The meaning behind the Claddagh Ring

Solvar Gold Claddagh makers hands

With Valentines Day coming up, what better subject for our first blog post than the meaning behind the Claddagh Ring? This world famous ring is the original Irish expression of love and will become a family heirloom.

‘With these hands I give you my heart, and I crown it with my love’

The Claddagh Ring consists of two hands holding a heart, upon which rests a crown. The heart represents love, the crown loyalty and the hands friendship. The ring itself is a variation of a fede ring, or faith ring. This style dates back to Roman times and features two hands clasped together in friendship or betrothal.

The story of the Claddagh Ring

The Claddagh Ring gets its name from the old fishing village of the Claddagh, on Galway Bay. Early records date the design to the 17th century. There are a number of different stories behind the ring, but the most realistic one involves Richard Joyce, a Claddagh native.

Richard Joyce

Pirates captured young Joyce shortly before his wedding. They sold him into slavery in Algeria and he eventually became property of a Moorish goldsmith. He trained Richard as a goldsmith, creating beautiful jewellery for Moorish rulers. When the ruling English King demanded the release of English subjects, Richard regained his freedom. The goldsmith was so impressed with Richard’s skill that he offered him his only daughter along with half his possessions to stay in Algeria.

Returning home

Memories of his love caused him to finally made his way home to the West Coast of Ireland after several long years away. Despite the long years passed, his sweetheart was waiting for him. He designed the Claddagh Ring and gave it to her as a symbol of his enduring love. Joyce went on to establish himself in Galway as a goldsmith and the oldest Claddagh Ring in existence bears his mark.

Margaret Joyce

Another, more creative story is one involving Margaret Joyce. She was a member of the Joyce Tribe in 16th Galway who married a wealthy Spaniard. On his death he left her half of his wealth. She used this money to build a number of bridges throughout Connacht. As a reward for her good deeds, an eagle dropped a Claddagh Ring onto her lap.

You will also come across variations on the above stories. Contrary to the confusion around the creation, the meaning of the ring is clear. It continues to serve as a symbol of fidelity and romance. In the centuries since its creation, the Claddagh Ring has grown in popularity. One of the early wearers was Queen Victoria. She was gifted her own one during a visit to Galway. Now the Claddagh ring is found the world over due to vast numbers of Irish emigrants.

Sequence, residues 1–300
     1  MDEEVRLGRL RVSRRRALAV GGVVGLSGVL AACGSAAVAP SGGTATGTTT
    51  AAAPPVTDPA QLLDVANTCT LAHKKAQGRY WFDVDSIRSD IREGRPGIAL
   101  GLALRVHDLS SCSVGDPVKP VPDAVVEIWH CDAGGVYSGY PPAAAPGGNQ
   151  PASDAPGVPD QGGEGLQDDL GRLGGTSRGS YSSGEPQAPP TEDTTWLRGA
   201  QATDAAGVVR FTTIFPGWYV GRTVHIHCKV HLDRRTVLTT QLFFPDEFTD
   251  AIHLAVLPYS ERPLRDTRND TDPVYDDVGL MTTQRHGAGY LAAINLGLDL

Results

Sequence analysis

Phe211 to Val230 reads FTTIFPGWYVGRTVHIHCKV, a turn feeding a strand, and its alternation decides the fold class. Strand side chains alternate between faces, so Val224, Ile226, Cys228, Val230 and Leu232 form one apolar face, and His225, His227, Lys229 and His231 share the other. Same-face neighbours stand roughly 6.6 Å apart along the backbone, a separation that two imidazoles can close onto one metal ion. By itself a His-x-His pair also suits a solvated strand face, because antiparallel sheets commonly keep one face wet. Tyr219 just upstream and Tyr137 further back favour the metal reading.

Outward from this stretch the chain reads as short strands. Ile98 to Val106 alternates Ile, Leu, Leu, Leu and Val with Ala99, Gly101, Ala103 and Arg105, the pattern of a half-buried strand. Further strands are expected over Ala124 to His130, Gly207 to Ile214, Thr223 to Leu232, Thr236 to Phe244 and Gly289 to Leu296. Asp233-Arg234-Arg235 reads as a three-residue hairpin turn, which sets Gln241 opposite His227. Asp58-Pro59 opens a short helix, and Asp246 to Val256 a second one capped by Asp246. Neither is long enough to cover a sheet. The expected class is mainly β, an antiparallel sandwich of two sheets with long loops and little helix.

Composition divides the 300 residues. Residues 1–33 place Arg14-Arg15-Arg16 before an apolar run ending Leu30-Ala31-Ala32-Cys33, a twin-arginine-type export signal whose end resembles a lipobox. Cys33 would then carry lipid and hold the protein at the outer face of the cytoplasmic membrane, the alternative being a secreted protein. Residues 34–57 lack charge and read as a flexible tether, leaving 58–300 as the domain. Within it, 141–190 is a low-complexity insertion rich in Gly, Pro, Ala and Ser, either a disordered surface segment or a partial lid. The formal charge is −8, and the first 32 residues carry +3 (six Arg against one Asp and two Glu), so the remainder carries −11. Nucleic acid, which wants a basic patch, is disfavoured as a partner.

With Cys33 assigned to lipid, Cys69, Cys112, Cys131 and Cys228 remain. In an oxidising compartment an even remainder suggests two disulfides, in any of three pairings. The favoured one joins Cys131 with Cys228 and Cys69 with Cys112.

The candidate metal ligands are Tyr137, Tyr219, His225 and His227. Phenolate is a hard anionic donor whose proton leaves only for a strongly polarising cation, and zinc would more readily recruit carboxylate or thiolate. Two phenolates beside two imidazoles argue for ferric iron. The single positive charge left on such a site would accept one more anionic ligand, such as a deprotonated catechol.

The meaning and traditions behind the Claddagh Ring have captured the attention of many writers. One early travel book from the 19th century noted that the people of the Claddagh had

“many peculiar customs. One is worthy of special note. The wedding ring is an heirloom in the family. It is regularly transferred (by a mother) to her daughter first married and so on to their descendants. These rings are largely of solid gold and not infrequently cost from two to three pounds each”

Mr and Mrs Halls Tour of Ireland, London 1841-1843

Now, a Claddagh Ring is often gifted as a token of friendship or love. Many wearers also wear it to represent their Irish heritage, or as a reminder of their visit to the island.

How to wear the Claddagh Ring

The ring is unusual in that there are a number of ways to wear it, each way reveals the relationship status of the wearer.

Claddagh-Ring-Taken position
Heart facing the wrist = Taken
Claddagh Ring Married position
  1. Worn on the right ring finger with the heart pointing to your finger nail, it signals the wearer is single.
  2. On the right ring finger with the heart pointing to your wrist will signal that the your heart is taken.
  3. Move it over to the left ring finger and by pointing the heart to the fingernail it can be used as an engagement ring.
  4. Last but not least you can wear it as a wedding ring. You can do this by simply point the heart to the wrist.

Styles and embellishments

Originally created in yellow gold, the Claddagh Ring is now popular in other metals. These include white gold, sterling silver and even rose gold. Some are simple, some are adorned with a variety of stones and even Connemara marble. Eternity bands with the Claddagh motif within are becoming increasingly popular. You will also find necklaces, earrings, brooches and other jewellery adorned with this classic style.

Fenian Claddagh Ring

The Fenian Claddagh Ring is an interesting variation of the well known ring. This style possibly predates the Claddagh Ring, and features the hands with the heart, without the crown. The Fenians adopted this style during their fight to free Ireland from the rule of the British crown.

Add your own chapter to the story with your own Claddagh Ring.

Shop our range of Claddagh Rings here.